No that does not make them valid speedies as that is not an entry on WP:CSD. ONLY, I repeat, ONLY the criteria on WP:CSD can be used to make a valid speedy deletion claim!  ALKIVARFile:Radioactive.png 13:00, 6 January 2006 (UTC)
Sigh. Yes. I'll put them on WP:IFD then. --Tagishsimon (talk)
Please, only if they are redundant to images we already have (with equal or better licence). There is absolutely nothing to gain in deleting unique images simply because of a copyright symbol which can be cropped out. Thanks/wangi 13:34, 6 January 2006 (UTC)
They'll go on IFD because they breach policy. If they get cropped first as replaced with compliant images, then well and good. If not, take it as part of the normal ebb & flow of image addition and deletion. --Tagishsimon (talk)

Vote in progress on "City names" guideline in Manual of style

This has probably come up before, but just in case you haven't heard, some editor named Serge Issakov has again raised the issue of whether there should be a separate policy for American city names, even though most American editors (myself included) have no problem with the existing policy and there was already a vote on this three months ago. Please review the arguments and vote at Wikipedia talk:Naming conventions (city names). Thanks. --Coolcaesar 21:57, 5 January 2006 (UTC)


There is a redraft of WP:Verifiability on Wikipedia:Verifiability/temp. The new version is intended to be a clearer statement of existing policy, not a change. So far the response has largely been positive - but there are a small number of issues to be addressed before it goes live. Constructive comments would be welcome on Wikipedia talk:Verifiability/temp, jguk 20:34, 5 January 2006 (UTC)

Proposed guideline: Wikipedia:Lists in Wikipedia

The proposed guideline Wikipedia:Lists in Wikipedia (talk) is being developed in response to concerns that such lists are sometimes used as subterfuges to bypass the Wikipedia policies of WP:NOR, WP:NPOV and WP:V. Your comments and suggestions are most welcome. ≈ jossi ≈ t@ 20:16, 4 January 2006 (UTC)

Just apply WP:NPOV and WP:V to lists rigidly. Make sure every list has NPOV inclusion criteria and that every entry is properly sourced. Problem solved - no need for a new policy, jguk 20:36, 5 January 2006 (UTC)
I wish it was that easy... List are a special type of subset of articles that requires special attention. We do have problems enforcing WP:NV, WP:NOR and WP:V in lists. That is the reason for this proposed guideline. It was developed after experiencing what you may call subterfuges to bypass policy in several lists and the frustration of not being able to do so under current guidelines for content articles. ≈ jossi ≈ t@ 20:54, 5 January 2006 (UTC)

Main namespace redirects to wikipedia namespace

Hi, we have the style-guide Wikipedia:Avoid self-references to keep the Wikipedia namespace separate from the encyclopedia one. However consider redirects such as AfD which redirect the user automatically to the Wikipedia namepace. Rather than a redirect should they be a link on the page using the {tl|selfref}} template, e.g.:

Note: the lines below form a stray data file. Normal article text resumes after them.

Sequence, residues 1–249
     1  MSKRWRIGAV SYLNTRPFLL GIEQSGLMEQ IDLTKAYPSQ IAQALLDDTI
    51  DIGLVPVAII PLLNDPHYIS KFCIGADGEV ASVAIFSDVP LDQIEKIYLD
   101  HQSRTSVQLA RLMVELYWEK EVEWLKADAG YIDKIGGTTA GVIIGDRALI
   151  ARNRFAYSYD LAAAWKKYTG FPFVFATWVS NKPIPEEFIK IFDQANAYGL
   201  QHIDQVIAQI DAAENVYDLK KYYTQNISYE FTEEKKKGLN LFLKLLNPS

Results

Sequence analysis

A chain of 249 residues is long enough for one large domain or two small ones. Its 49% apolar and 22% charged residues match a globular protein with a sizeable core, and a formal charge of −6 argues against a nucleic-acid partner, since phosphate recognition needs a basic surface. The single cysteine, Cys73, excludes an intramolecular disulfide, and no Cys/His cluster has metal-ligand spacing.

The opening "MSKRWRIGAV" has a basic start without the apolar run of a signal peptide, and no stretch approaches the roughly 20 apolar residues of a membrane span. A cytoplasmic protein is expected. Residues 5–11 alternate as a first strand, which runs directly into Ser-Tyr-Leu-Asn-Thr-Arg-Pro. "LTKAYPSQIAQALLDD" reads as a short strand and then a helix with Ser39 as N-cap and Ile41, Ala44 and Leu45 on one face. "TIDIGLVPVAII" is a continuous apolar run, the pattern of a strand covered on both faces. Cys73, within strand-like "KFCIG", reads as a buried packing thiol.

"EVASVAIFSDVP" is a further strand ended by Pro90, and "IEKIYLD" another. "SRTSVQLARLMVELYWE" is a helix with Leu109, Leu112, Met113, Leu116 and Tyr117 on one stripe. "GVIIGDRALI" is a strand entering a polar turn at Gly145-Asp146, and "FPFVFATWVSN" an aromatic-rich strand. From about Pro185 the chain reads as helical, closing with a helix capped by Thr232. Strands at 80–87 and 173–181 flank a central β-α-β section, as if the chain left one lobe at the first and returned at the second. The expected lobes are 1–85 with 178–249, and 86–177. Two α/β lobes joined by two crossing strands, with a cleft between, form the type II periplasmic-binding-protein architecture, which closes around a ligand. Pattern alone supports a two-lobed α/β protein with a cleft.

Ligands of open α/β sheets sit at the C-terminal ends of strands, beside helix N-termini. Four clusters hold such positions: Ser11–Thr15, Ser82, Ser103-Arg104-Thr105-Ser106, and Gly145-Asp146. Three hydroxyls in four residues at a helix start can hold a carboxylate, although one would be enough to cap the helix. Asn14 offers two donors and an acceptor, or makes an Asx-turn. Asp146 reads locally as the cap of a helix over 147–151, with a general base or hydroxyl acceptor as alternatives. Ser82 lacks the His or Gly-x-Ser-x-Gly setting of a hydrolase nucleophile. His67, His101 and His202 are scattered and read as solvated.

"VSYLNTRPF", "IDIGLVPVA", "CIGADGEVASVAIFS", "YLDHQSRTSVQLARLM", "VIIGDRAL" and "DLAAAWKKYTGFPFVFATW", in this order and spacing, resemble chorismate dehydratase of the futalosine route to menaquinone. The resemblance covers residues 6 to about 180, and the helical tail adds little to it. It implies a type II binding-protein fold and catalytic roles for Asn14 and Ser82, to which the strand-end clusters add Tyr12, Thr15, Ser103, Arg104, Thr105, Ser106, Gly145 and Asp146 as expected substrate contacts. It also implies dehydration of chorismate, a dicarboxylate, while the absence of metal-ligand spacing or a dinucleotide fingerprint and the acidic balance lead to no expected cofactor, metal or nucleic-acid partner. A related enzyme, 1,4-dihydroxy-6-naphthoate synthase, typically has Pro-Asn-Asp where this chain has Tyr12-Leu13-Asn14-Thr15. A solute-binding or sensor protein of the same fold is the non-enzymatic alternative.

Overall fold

{{selfref|In Wikipedia, AfD may refer to [[Wikipedia:Articles for deletion]]}}, displayed as:

? Thanks/wangi 14:15, 3 January 2006 (UTC)

In that case, I'll be bold and edit AfD to test the water... Thanks/wangi 17:32, 6 January 2006 (UTC)

General "big spoiler" policy

The articles The Mousetrap (about Agatha Christie's play) and Diabolique (famous movie with a big ending twist) both deal with entertainment where the authors requested the audience not to spoil the big secret with other people that have not yet seen the movie. Knowing the secret detracts from the fun of those entertainment forms. And while we could have a stance of "no secrets here, information wants to be free", or "we'll just put a spoiler disclaimer up", so far the authors of those 2 articles have respected the authors wishes, and refrained from spoiling the surprise here. Which leads me to magical secrets, and my question: With magic tricks, too, the audience has less fun when it knows the secret. And with magic tricks, too, the autor or performer would prefer if people that know the secret wouldn't tell it to everybody else. Yet, for magical tricks, the consensus among wikipedians seems to be "those secrets have to be revealed, a spoiler disclaimer will just do it". What does the general community think about this, is it okay to respect the autor's requests in one field and disregard them in another field? Isn't this an inconsistent state? Peter S. 17:00, 1 January 2006 (UTC)

  • We've never been particularly good at consistency in matters like this. I suspect that if you get people talking about it, hopefully people will go the route of distributing information rather than preserving fun. This is an Encyclopedia, not a tourbook :) --Improv 18:30, 1 January 2006 (UTC)
  • In general, this is what the {{spoiler}} template is for. We don't deliberately preserve the surprise for movies or magic tricks; I'm a bit surprised that we have articles that leave out such important information. We presume that our readers are capable of deciding for themselves whether or not–once warned–they want to read the spoilers. See The Usual Suspects, for instance. TenOfAllTrades(talk) 18:40, 1 January 2006 (UTC)